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Cell Signal. 1997 Dec;9(8):551-73.

Signalling via the G protein-activated K+ channels.

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Department of Physiology and Pharmacology, Sackler School of Medicine, Tel Aviv University, Ramat Aviv, Israel. DASCALN@POST.TAU.AC.IL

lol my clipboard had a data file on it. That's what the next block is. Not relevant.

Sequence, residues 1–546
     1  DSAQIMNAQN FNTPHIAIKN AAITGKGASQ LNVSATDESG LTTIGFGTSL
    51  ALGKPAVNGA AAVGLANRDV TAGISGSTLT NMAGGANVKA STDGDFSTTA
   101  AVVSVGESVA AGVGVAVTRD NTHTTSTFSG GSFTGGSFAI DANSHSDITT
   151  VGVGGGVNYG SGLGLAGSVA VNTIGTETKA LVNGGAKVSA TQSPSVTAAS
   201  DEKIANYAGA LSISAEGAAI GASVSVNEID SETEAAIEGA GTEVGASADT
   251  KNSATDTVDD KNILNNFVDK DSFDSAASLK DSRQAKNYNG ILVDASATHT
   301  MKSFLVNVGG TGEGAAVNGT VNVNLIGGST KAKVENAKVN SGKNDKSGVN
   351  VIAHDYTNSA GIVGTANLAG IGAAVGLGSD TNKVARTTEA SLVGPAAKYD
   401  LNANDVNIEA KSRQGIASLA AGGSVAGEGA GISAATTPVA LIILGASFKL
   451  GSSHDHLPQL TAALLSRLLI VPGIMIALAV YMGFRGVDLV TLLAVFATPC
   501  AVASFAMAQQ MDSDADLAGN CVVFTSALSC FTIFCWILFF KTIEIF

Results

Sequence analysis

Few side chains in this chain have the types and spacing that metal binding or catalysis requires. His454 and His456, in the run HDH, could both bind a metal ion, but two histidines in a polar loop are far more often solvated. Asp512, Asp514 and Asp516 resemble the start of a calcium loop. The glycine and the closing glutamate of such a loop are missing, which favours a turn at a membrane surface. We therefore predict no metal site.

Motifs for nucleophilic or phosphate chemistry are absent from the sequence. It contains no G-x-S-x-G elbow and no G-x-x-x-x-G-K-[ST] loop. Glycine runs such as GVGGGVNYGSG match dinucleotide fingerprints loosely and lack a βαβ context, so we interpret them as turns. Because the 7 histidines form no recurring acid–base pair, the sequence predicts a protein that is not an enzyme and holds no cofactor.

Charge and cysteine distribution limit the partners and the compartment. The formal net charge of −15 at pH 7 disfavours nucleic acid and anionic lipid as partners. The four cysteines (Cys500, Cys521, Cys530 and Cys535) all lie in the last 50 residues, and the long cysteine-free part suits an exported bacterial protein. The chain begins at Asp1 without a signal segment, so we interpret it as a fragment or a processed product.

The inwardly rectifying K+ channels of the GIRK (Kir3) family, members of the superfamily of inwardly rectifying K+ channels (Kir), are important physiological tools to regulate excitability in heart and brain by neurotransmitters, and the only ion channels conclusively shown to be activated by a direct interaction with heterotrimeric G protein subunits. During the last decade, especially since their cloning in 1993, remarkable progress has been made in understanding the structure, mechanisms of gating, activation by G proteins, and modulation of these channels. However, much of the molecular details of structure and of gating by G protein subunits and other factors, mechanisms of modulation and desensitization, and determinants of specificity of coupling to G proteins, remain unknown. This review summarizes both the recent advances and the unresolved questions now on the agenda in GIRK studies.

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